Table of Contents Author Guidelines Submit a Manuscript
Nursing Research and Practice
Volume 2011, Article ID 329534, 6 pages
Research Article

Validity and Reliability of the Index of Self-Regulation Scale for Physical Activity in Older Korean Americans

1The Catholic University of Korea College of Nursing, Seoul 137-701, Republic of Korea
2Arizona State University College of Nursing and Health Innovation, AZ 85004, USA

Received 12 November 2010; Accepted 25 March 2011

Academic Editor: Barbara Resnick

Copyright © 2011 Hye-A Yeom and Julie Fleury. This is an open access article distributed under the Creative Commons Attribution License, which permits unrestricted use, distribution, and reproduction in any medium, provided the original work is properly cited.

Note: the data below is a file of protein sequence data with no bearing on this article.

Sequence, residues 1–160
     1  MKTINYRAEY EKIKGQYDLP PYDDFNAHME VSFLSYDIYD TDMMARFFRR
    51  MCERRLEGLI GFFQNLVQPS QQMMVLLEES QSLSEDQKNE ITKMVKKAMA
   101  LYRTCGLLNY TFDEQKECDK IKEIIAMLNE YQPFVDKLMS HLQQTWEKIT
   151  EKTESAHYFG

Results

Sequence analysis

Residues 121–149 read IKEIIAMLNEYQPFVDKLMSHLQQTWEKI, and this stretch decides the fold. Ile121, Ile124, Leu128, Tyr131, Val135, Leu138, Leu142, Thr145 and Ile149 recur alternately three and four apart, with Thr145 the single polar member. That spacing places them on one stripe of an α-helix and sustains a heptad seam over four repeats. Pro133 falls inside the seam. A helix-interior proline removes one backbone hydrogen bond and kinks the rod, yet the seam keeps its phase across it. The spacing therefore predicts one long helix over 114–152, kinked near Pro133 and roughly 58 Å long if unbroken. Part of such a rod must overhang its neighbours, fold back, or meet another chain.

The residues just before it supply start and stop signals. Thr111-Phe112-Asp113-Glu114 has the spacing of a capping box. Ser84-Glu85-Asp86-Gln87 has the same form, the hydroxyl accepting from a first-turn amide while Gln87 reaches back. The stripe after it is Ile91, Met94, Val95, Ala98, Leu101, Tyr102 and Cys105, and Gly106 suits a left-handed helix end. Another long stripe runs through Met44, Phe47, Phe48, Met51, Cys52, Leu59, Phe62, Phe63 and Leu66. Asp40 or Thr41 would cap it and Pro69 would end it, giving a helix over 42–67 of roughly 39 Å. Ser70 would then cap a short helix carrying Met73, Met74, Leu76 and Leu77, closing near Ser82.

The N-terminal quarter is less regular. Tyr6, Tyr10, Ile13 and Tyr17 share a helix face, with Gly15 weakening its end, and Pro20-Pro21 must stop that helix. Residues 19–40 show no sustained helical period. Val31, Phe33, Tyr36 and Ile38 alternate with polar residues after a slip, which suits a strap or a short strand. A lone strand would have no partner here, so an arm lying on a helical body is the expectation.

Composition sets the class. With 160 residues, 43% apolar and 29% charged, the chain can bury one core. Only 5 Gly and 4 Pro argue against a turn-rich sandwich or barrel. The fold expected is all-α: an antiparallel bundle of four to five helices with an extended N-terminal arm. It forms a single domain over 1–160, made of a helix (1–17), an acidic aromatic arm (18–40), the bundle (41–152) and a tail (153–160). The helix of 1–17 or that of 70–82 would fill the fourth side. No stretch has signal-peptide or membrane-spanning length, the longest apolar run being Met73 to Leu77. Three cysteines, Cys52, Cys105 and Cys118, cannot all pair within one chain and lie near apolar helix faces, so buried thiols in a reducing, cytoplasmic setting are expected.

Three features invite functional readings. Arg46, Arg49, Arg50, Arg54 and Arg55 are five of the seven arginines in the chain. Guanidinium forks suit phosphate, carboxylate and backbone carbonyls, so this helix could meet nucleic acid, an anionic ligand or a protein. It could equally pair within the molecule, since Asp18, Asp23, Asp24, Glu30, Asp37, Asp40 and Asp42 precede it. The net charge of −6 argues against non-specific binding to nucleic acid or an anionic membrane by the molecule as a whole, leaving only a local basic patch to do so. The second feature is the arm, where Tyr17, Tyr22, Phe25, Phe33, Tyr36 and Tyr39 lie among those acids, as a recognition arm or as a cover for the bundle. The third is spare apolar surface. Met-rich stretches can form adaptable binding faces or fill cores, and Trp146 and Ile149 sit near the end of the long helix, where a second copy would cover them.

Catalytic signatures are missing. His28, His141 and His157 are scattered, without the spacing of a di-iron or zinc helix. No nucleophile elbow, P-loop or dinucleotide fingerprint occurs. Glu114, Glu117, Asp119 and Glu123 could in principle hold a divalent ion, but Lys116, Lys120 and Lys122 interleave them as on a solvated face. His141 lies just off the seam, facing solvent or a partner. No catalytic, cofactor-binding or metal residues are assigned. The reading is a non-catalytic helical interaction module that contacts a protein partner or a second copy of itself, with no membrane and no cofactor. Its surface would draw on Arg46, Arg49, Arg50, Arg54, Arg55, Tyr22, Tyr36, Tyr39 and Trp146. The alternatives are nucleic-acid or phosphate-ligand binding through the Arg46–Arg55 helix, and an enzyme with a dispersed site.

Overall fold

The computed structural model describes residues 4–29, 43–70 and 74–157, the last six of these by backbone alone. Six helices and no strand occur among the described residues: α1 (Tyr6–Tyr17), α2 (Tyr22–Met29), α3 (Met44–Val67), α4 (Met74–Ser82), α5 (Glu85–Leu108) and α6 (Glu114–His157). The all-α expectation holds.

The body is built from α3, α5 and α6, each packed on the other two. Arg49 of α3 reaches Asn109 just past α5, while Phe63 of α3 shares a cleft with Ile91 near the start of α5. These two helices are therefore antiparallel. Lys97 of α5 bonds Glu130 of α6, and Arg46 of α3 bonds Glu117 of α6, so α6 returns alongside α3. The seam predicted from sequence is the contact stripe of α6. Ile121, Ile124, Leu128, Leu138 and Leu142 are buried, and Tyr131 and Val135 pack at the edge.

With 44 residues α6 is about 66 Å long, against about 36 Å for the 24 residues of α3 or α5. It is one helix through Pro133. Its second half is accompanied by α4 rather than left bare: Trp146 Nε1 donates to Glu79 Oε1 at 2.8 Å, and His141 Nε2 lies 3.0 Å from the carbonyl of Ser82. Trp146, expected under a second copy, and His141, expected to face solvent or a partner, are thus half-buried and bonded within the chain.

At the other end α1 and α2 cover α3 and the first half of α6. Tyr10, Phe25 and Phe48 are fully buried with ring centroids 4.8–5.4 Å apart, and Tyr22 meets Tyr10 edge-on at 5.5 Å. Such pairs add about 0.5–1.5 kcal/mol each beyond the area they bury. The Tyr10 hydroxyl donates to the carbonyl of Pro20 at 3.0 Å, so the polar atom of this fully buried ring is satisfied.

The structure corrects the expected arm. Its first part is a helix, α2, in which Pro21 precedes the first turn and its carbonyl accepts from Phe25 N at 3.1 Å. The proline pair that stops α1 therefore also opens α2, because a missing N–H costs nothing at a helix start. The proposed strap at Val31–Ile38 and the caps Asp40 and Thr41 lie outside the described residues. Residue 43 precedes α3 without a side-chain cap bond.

The Korean version of the index of self-regulation (KISR) is a nine-item scale designed to measure individuals' level of self-regulation for physical activity. The purpose of this study was to test the psychometric properties of the KISR, including reliability and validity, in a group of older Korean Americans. The KISR was administered to a sample of older Korean Americans at a baseline interview (Time 1) and 12 week followup (Time 2). The internal consistency of the KISR was high at both time points, with Cronbach's alphas of .94 and .95, respectively. The test-retest reliability was moderate-to-high at .68. There was evidence of construct validity of the KISR based on its moderate to high significant correlations with theoretically relevant variables, including motivational appraisal and self-efficacy for physical activity. A principal axis factoring with an oblique rotation resulted in two factors, explaining 89% of the variance. The KISR is a reliable and valid measure to assess the level of self-regulation for physical activity behavior in older Korean Americans.